It is difficult to deposit carbon nanotube (CNT) films onto most surfaces from solution. Zhenan Bao and colleagues overcame this problem by using a "dry" technique to perform such a transfer onto surfaces containing different self-assembled monolayers. This is an ideal method, says Bao, because it ensures that the CNTs stay aligned without introducing contamination in a reproducible, quick, single-step process.

The surface onto which the transfer takes place is modified with self-assembled monolayers containing functional groups in intimate contact with the CNTs. Bao's team used several different self-assembled monolayers with different terminal chemical functional groups. These included n-octadecyltrichlorosilane (OTS), 11-cyanoundecyltrimethoxysilane (CTS) and 11-bromoundecyltrimethoxysilane (BTS).

The functional groups interact with the CNTs because they are extremely sensitive to their environment. Charge transfer can take place between the CNTs and functional groups based on their electron withdrawing or donating properties. Hydrophobic self-assembled monolayers can further improve the finished devices since less water is present on the surfaces. Water is a nuisance in such situations because it causes traps and defects in CNTs.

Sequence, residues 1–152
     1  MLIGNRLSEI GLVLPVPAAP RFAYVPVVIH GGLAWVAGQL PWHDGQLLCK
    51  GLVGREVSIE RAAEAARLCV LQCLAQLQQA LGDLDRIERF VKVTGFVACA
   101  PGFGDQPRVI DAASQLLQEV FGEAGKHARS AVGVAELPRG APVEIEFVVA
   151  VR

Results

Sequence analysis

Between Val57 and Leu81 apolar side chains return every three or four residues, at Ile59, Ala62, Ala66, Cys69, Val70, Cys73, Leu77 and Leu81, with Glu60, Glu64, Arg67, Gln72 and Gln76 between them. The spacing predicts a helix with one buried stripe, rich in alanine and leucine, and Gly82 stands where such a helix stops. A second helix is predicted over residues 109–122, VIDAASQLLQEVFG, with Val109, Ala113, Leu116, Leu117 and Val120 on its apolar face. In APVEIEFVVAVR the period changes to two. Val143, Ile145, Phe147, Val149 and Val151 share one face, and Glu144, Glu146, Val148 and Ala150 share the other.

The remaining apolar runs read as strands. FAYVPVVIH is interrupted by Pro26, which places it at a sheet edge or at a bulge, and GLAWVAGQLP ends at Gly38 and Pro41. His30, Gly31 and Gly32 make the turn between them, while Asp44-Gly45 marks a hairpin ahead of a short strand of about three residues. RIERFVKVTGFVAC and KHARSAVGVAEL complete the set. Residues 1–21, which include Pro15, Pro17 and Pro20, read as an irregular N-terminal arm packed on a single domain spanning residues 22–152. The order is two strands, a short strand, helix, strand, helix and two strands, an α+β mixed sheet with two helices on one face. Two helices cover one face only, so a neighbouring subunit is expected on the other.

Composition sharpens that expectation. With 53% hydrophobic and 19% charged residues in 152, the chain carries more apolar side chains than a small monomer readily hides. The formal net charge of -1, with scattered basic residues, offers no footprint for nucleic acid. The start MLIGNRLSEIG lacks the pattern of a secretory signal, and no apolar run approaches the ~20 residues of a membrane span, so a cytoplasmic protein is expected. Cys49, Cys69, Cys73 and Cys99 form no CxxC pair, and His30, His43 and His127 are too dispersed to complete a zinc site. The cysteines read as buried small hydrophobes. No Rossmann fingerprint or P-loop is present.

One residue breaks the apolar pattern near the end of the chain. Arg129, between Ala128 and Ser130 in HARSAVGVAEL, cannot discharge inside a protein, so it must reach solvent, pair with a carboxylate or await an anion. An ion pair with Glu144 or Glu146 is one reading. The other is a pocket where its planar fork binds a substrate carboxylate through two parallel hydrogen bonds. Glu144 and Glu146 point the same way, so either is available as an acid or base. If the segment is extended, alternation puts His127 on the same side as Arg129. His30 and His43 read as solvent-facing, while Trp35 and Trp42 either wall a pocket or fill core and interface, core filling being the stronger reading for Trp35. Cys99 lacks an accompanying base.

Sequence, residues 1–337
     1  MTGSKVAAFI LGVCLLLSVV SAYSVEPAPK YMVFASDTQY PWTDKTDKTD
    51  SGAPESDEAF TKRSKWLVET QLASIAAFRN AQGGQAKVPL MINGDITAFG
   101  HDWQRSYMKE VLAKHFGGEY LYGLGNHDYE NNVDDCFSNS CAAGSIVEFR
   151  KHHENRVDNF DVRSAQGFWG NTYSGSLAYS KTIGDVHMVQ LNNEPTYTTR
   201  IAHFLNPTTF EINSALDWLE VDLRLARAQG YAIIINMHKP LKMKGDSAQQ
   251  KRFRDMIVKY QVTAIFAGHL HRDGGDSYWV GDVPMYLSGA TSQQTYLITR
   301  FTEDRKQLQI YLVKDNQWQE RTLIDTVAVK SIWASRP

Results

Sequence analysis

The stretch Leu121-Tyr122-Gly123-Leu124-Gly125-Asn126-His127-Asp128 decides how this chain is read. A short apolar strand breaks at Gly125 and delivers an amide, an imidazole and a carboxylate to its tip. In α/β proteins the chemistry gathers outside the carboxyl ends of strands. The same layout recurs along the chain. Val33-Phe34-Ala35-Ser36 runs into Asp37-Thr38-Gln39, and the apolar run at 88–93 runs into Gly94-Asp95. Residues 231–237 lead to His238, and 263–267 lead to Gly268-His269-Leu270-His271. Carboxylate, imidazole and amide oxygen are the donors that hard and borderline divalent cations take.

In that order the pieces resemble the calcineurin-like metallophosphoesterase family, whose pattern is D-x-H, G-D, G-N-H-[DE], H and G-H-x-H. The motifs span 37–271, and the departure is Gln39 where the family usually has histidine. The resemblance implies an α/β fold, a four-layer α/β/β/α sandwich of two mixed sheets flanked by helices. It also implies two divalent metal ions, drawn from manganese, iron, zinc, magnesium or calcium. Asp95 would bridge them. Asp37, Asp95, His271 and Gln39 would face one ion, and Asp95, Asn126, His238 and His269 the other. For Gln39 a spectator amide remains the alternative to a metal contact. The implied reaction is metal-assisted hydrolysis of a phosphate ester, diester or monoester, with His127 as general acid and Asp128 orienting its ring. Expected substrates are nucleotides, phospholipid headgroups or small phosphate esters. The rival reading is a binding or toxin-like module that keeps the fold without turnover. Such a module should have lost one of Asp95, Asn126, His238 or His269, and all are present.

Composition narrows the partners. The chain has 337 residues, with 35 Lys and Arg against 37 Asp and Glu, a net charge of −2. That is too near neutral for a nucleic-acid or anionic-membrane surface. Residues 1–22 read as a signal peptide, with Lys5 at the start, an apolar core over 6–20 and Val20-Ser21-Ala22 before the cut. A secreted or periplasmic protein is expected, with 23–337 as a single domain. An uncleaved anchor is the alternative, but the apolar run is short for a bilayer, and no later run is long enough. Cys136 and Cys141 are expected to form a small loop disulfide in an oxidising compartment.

Making transistor devices
To understand how surface chemistry affects the electrical properties of CNTs, the researchers fabricated top-contact transistor devices from the CNT films atop the different self-assembled monolayers. To do this, they thermally evaporated gold through a shadow mask to deposit source/drain electrodes with a channel length (Lc) of 50 µm and width (Wc) of 1000 µm. The transistors' characteristics were measured using a Keithley parameter analyser.

The Stanford team compared the average on-current (Ion), mobility (u), on/off ratio and threshold voltage (Vt) between the different self-assembled monolayers. It observed a significant increase (by by a factor of 2) in the Ion and u for CNTs transferred onto BTS surfaces compared to the other functional groups. According to the researchers, this increase probably comes about thanks to the electron-withdrawing bromine group interacting with the CNTs.

"By modifying the surface chemistry of a dielectric layer, we have developed an easy and permanent way to tune the electronic properties of CNT films," Bao told nanotechweb.org. "This could potentially allow us to design novel devices, such as memories, logic circuits or sensors."

The researchers say that they will now test how different surface chemistries affect the sensor response of CNT devices. "We have already shown that CNTs are effective sensors and we can now potentially make devices with increased specificity for certain analytes thanks to their interaction with a wide variety of self-assembled monolayers on the nanotubes," said Bao.

The work was reported in ACS Nano.